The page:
IT is fair question: why launch a new bank when we are still to properly reform the ones we already have? But the businessman Jim McColl’s plans for a new Scottish bank, revealed this week, could well be the right idea at the right time. Confidence in the banking sector remains at a low level. The Scottish economy is lagging behind the rest of the UK and much of the rest of Europe. A new bank with a mission to help small businesses could be just what we need.

The details of the new bank have yet to emerge, but, speaking to the Scottish Parliament’s Economy, Jobs and Fair Work Committee, Mr McColl, who is the chief executive of the investment group Clyde Blowers Capita, revealed a little of his plans. He would apply for a banking licence in March, he said, with the aim of offering loans to small businesses of up to £5million. And he was doing it, he said, because no one else was going the extra mile to support small businesses after the government bailout of the Royal Bank of Scotland and the Bank of Scotland’s acquisition by Lloyds.

Mr McColl’s assessment of the banking sector in Scotland is hard to refute. In recent years, the Royal Bank of Scotland has attempted to prove that it is doing its best to support small businesses – in 2016, for example, it launched a £100million fund offering loans to small businesses at fixed rates and with no set-up or repayment fees.

Loading article content

However, many small businesses find it hard to forget the behaviour of RBS’s Global Restructuring Group. That was marketed as a turnaround specialist for firms experiencing financial difficulties but has since been accused of deliberately stripping the assets of the businesses for its own profit. The bank has since set aside millions of pounds to compensate customers who complain about the unit’s behaviour.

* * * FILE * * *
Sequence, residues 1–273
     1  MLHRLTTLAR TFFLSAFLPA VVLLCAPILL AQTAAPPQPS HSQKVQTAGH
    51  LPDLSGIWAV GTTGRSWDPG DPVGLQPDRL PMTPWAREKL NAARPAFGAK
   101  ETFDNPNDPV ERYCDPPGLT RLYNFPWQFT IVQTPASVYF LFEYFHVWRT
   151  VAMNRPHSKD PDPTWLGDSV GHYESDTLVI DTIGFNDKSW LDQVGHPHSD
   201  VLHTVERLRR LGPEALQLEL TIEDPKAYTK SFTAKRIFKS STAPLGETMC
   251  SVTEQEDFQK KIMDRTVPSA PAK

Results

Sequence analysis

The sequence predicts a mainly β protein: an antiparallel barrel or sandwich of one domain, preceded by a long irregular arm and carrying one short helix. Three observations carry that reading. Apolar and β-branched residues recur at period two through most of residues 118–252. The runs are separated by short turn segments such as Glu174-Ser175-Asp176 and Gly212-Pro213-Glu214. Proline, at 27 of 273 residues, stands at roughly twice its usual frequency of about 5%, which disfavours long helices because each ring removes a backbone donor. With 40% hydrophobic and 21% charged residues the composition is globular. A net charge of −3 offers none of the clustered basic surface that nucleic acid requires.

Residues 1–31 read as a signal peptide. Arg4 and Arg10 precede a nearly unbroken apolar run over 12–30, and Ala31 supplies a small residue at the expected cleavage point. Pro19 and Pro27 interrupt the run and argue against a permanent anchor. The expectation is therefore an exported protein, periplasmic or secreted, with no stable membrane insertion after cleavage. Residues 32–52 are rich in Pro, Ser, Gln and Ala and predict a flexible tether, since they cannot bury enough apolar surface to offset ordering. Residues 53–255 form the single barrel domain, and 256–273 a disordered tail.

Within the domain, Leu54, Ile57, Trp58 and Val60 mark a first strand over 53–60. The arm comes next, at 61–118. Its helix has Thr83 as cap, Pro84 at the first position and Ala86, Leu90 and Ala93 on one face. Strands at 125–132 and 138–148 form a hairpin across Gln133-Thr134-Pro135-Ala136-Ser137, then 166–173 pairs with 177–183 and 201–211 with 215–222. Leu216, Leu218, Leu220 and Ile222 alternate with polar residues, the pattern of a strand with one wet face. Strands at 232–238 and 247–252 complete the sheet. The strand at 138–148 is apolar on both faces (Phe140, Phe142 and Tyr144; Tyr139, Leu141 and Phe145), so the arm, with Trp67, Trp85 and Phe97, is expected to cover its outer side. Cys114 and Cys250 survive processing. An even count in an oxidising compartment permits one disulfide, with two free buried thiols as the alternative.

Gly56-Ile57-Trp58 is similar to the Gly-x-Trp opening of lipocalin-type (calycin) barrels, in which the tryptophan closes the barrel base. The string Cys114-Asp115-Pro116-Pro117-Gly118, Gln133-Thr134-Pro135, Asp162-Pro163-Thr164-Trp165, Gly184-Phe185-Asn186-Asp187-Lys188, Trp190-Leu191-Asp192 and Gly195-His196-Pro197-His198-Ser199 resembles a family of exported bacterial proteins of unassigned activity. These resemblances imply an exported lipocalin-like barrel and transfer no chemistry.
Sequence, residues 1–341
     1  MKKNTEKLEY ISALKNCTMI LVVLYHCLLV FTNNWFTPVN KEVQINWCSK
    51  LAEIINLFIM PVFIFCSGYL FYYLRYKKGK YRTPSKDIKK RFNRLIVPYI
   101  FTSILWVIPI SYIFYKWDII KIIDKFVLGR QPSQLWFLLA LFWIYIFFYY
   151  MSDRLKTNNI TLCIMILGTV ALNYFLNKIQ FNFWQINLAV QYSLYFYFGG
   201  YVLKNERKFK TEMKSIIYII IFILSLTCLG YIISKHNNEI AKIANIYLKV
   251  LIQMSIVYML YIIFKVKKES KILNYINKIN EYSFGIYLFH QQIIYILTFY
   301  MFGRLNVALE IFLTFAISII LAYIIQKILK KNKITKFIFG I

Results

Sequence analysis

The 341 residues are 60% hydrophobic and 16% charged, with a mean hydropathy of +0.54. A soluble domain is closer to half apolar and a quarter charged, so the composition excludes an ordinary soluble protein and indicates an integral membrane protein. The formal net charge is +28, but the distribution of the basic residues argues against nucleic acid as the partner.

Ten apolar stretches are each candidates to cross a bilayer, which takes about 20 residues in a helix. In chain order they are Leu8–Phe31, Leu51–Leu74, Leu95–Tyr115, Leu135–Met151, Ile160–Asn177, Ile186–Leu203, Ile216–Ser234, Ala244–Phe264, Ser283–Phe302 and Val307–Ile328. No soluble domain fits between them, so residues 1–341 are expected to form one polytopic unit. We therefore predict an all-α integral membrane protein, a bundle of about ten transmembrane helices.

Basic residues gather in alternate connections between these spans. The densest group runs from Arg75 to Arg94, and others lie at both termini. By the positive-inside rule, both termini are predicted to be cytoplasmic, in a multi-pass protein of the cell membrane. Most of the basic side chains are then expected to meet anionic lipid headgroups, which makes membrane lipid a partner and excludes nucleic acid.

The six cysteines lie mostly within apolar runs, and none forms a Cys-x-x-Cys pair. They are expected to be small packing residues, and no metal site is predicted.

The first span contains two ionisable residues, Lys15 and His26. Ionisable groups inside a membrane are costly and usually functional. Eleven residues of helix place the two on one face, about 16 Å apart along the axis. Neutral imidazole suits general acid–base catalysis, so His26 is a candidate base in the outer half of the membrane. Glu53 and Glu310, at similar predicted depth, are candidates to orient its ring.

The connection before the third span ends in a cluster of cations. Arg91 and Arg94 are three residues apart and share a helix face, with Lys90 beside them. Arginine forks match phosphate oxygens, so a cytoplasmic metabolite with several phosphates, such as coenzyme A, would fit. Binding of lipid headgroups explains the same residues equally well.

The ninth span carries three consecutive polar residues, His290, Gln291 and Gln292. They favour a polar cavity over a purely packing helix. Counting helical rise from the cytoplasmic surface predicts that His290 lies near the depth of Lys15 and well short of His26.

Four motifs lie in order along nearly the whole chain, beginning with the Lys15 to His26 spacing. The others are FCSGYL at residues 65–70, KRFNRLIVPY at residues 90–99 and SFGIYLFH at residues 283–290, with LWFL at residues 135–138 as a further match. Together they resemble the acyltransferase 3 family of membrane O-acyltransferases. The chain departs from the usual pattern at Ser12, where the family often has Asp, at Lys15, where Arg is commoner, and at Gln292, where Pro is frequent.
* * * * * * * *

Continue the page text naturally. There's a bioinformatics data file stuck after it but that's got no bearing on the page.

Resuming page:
Mr McColl’s mission statement appears to be that his bank will step in to fill the gap and provide finance where he thinks the big banks are failing to - and, if it goes according to plan, it could be one of the positive steps that is needed to get Scottish economic growth back on track. One issue that will need resolved, however, is how it fits in with the plans which the Scottish Government has already announced to launch a national investment bank, an idea suggested by the First Minister’s council of economic advisors, of which Mr McColl is a member.

Launching the idea last year, the First Minister Nicola Sturgeon said that the national investment bank would be an important means of delivering infrastructure development in Scotland, finance for high-growth businesses and strategic investments innovation, but Mr McColl appears to have his doubts. He says he remains wary of how this would be structured, and how much cash will be made available for businesses.

The doubts may be answered by the public consultation which is currently underway on the national investment bank idea, but in principle the idea of a national investment bank is sound, particularly if it can offer more support to Scottish firms to compete internationally in the way that other EU nations do with their firms.

The worry is that the national investment bank will fall short – or that it will be established without the level of funds needed to make a profound difference, which is where Mr McColl’s new bank may be able to make a difference.

Naturally, any new bank would have to be careful about who it lends to, and how much – after all, the roots of the financial crisis of 10 years ago lay in handing out too much credit. But much of the Scottish economy is founded on small businesses and helping those businesses to expand, grow and flourish is a route back to economic strength – with the help of banks big and small.